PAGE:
Fort Worth

P-TECH Programs Create Pipeline for Skilled Workers Amid Labor Shortage

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The trade industry continues to struggle with a shortage of skilled workers, especially in the jobs that help us to have water and electricity like plumbers, electricians, and line workers.

But local school districts are emphasizing programs that are creating a pipeline of talented workers to help with the labor shortage.

These programs are known as PTECH, or Pathways in Technology Early College High Schools. Students can earn both their high school diploma and associate's degree at the same time.

Students like Fabian Ramirez are unlocking potential they never could've imagined getting a fast track on a career.

He graduated last year from the Fort Worth ISD Early Collegiate High School, which first started its operation in 2019. The school is located within the Tarrant County College South Campus and offers an experience that prepares students for the working world or a continued path toward university studies after graduation.

This can save families thousands of dollars in tuition costs, no matter what path the student chooses to take.

"It's just going to change their lives. It's going to give them different skills to navigate society and put them in circles that they need in order to build a stronger future for themselves and their families,” said Quanda Collins, Fort Worth ISD Collegiate High School Principal.

During his studies, Ramirez took advantage of a unique partnership the school has through Oncor and the city of Fort Worth Water Department – each has on-site classrooms that connect students with real-life skills workers and offer early training in jobs they'll be able to work toward right after high school.

"We learned the basics of how electricity works, where it comes from, and where it travels. There are different parts of it,” said Ramirez.

Ramirez gained a keen interest in Oncor’s classes and spent the last couple of years taking special classes aimed at a career in electricity.

"I have some family members that are electricians. So they work with electricity a lot,” he said.

In the year since graduation, Ramirez has continued his path with Oncor. The company is paying for his trade school studies at TCC and is also paying him for training and internships as a lineman.

"It’s unbelievable. Like, I would have never thought that we'll get a job like this. But TCC really made it happen,” he said.

Now at just 19 years old, he’s on track to earn a sizable income while helping the nationwide shortage for line workers.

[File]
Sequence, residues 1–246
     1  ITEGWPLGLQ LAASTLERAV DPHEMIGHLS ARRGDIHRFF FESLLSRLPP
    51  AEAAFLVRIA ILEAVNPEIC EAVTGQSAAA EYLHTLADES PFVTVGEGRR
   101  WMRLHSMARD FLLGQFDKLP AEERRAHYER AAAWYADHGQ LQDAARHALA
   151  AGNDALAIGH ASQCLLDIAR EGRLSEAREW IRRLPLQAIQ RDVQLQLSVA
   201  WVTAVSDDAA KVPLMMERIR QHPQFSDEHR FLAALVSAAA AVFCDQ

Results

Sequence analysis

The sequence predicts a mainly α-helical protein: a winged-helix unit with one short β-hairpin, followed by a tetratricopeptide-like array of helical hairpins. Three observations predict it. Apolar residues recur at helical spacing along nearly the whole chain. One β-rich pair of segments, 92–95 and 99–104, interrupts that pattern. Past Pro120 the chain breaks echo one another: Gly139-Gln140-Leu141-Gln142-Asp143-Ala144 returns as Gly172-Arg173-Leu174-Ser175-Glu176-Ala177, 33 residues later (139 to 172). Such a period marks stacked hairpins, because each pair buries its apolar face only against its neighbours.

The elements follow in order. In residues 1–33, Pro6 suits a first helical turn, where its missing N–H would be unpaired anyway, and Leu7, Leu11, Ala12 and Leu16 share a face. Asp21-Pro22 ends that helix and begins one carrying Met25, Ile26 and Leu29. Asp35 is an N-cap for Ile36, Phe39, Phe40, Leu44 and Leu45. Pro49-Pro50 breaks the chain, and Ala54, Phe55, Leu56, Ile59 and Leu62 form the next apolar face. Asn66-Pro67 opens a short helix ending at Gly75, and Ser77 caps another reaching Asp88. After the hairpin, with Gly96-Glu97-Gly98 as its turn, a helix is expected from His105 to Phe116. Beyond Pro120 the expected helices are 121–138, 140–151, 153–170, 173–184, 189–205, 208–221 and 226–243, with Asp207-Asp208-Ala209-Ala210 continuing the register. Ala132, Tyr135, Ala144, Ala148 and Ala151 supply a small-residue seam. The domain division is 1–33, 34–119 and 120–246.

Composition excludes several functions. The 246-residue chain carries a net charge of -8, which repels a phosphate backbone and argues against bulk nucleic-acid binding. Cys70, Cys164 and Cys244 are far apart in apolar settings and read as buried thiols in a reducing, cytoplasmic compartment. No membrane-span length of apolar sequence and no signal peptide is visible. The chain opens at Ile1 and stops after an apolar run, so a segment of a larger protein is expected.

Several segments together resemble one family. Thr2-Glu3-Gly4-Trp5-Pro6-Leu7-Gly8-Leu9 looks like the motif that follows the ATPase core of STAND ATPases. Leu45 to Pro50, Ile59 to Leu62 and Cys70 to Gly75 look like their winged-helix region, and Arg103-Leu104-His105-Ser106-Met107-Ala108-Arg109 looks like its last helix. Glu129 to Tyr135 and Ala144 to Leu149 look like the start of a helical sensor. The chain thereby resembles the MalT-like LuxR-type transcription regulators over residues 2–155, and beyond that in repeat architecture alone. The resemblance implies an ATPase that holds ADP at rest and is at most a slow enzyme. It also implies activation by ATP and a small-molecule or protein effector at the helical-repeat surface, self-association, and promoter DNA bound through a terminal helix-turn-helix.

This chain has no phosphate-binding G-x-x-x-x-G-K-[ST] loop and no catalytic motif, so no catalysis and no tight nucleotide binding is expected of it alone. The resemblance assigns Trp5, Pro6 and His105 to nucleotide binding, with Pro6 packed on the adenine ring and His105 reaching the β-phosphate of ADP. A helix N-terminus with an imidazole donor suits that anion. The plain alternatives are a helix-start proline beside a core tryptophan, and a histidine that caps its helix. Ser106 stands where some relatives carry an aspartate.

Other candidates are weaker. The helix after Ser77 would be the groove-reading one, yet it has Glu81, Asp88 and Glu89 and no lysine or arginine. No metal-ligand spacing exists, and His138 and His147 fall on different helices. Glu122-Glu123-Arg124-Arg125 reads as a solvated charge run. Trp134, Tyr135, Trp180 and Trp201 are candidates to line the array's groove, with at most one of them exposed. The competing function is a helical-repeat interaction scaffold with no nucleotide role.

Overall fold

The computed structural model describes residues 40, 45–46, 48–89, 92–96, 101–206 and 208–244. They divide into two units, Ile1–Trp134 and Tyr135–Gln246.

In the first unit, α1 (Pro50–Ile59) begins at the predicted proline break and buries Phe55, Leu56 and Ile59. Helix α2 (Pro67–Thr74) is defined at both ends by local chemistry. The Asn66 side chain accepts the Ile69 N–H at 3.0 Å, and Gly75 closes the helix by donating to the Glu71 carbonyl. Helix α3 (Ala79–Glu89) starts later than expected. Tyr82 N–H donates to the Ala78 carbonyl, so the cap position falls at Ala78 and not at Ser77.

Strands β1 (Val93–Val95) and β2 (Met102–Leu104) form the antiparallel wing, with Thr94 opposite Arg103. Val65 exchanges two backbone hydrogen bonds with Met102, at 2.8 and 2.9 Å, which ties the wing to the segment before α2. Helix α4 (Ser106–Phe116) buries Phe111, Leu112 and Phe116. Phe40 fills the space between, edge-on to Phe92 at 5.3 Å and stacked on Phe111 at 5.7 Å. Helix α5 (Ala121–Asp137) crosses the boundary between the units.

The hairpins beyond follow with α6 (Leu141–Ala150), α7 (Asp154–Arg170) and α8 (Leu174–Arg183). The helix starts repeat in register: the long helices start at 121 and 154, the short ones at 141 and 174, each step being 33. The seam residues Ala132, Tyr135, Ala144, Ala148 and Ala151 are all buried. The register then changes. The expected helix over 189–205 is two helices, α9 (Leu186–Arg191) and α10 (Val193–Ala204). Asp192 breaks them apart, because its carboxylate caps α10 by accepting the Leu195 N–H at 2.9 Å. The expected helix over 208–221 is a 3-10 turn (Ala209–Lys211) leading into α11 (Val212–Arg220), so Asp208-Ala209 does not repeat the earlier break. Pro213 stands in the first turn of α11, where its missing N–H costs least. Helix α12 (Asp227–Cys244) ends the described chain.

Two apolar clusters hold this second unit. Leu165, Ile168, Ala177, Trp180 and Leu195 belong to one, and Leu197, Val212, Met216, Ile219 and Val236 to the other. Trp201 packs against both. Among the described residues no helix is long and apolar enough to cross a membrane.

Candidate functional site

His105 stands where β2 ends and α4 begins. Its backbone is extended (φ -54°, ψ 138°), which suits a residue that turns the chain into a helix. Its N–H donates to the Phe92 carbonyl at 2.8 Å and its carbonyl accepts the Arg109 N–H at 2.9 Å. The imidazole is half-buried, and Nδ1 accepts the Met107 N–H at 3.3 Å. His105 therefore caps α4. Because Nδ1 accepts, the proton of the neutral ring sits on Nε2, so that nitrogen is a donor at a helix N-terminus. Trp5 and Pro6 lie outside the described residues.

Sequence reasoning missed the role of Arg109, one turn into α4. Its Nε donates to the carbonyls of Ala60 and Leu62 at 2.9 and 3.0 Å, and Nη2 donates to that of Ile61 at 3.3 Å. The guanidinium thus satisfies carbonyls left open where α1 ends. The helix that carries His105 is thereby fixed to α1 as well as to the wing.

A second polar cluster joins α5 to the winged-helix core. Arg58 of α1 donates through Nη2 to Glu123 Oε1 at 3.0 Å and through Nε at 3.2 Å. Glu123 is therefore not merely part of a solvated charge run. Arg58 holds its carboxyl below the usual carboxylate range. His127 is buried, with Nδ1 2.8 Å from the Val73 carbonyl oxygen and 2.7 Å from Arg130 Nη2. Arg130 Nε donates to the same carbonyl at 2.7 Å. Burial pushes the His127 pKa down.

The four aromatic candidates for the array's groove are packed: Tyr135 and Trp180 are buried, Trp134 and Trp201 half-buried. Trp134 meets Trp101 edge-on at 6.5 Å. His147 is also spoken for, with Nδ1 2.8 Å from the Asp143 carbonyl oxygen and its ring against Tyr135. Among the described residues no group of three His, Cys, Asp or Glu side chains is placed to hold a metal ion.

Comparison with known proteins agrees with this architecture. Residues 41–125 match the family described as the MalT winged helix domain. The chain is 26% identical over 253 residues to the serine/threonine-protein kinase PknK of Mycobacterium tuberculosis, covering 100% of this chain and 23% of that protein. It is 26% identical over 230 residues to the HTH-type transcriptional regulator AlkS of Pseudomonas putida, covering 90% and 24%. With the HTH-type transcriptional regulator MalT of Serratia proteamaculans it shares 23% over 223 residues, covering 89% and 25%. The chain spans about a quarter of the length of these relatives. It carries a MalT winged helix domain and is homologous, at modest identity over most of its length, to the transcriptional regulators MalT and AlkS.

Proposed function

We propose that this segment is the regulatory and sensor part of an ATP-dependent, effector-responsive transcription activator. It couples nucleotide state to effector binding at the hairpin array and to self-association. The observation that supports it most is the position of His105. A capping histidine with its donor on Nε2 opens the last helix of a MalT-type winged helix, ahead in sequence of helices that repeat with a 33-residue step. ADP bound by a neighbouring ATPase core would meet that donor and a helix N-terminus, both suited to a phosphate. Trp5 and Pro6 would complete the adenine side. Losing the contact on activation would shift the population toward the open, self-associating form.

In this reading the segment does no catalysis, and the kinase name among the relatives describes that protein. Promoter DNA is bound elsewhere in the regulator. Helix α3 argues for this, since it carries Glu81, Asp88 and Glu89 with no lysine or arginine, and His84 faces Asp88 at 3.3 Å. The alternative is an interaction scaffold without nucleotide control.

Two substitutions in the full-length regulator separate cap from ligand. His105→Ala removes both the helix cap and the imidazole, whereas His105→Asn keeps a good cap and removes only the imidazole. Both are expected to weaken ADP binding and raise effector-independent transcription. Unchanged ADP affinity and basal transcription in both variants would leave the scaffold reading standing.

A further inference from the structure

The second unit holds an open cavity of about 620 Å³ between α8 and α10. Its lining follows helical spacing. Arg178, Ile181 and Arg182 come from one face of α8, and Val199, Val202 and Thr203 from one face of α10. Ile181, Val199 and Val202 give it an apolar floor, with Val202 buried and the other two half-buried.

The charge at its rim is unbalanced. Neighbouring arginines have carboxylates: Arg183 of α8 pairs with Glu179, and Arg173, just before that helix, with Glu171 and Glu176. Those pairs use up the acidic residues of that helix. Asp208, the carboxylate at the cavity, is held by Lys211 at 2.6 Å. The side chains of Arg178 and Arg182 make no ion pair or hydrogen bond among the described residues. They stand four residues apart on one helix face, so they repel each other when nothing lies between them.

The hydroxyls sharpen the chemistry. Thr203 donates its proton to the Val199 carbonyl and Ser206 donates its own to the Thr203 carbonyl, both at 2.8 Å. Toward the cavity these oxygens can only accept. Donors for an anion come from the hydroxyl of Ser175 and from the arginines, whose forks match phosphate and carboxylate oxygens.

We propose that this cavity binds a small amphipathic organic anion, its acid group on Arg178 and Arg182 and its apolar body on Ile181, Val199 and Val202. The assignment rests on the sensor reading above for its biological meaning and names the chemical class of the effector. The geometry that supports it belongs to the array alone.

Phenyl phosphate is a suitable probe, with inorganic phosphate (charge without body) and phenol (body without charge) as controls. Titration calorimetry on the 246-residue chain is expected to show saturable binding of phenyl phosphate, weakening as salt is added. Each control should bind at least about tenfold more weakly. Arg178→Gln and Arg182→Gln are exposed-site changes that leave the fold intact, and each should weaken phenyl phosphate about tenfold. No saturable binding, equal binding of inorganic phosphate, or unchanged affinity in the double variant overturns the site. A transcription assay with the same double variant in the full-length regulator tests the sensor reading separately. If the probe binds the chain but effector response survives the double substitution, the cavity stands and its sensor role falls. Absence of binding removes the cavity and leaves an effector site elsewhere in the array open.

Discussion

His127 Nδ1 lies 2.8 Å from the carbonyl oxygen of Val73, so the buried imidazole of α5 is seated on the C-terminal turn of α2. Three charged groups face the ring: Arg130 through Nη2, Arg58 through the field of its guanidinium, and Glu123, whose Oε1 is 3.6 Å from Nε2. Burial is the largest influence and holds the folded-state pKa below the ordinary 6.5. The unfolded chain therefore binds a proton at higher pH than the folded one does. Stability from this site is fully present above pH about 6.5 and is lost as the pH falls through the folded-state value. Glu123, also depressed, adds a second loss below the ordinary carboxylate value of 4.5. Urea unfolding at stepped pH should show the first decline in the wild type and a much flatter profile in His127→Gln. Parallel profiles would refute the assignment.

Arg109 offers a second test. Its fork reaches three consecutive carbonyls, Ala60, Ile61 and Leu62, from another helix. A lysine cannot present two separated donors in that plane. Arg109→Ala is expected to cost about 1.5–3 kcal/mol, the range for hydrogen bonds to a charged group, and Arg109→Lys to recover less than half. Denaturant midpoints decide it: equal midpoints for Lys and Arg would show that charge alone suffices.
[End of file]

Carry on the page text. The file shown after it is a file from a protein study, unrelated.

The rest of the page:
Fabian Ramirez (third front from left) is pursuing a fulfilling but challenging career as a lineman for Oncor.

"There's definitely a need for people to join these trades,” Ramirez said. "Now, my dad can take a break from working a lot and I can help with some bills. Every once in a while, we can go out and take my family out to eat or something like that. Like now, I have the money for it.”

P-TECH is nothing new but the success is leading both Fort Worth and Dallas school districts to prioritize these programs. Both districts’ outgoing superintendents have said growing those programs have been among their chief accomplishments.

According to the Dallas Morning News, the number of graduates from DISD’s P-TECH programs is increasing and helping first-generation college students to find more opportunities.

The base salary for linemen can be as high as $86,000. While these trade jobs are hard work, Collins says students like Ramirez who are getting a head start on the training in high school is a big deal.

"He's 19. And on a trajectory to have a solid foundation, financially, no college debt,” she said. "That's the whole point of this right, is to build our system, so that we have not just one student who is able to be successful."

Collins says the P-TECH model and it's flexibility for any life path a student chooses can help ease the strain on the labor market that has been brought on by the pandemic.

"We just want to continue to build that to ensure that to ensure that we are sustained as as a people. And I think P-TECH is definitely going to be one of the stronger aspects to get us moving in that direction," she said.

After launching in 2019, PTECH programs have now expanded to 15 schools in Fort Worth ISD and have expanded the program even further this semester at TCC.

Fort Worth ISD has launched the Success High School, a new model that adopts the same concepts as the other P-TECH programs but is geared toward specific students.

Students are older and have had their educational careers interrupted for various reasons. Other students may be immigrants who are seeking to start their educational journeys. Instead of 16-week semesters, they take classes, all of them online, in eight-week blocks.

“These students can elect to take one dual credit course, or they might take more than one,” said Amy Draper of the FWISD’s Office of Innovation, in a press release. “The students will be on their own individual paths. The program is open to all our students. Not all will participate, but we hope that a large percentage choose to start their dual credit experience and then maybe, when they finish, transition right into TCC or even another post-secondary institution.”

Click here to learn more about the Success High School in FWISD and other P-TECH programs.

Click here for more information about Dallas ISD's P-TECH programs.

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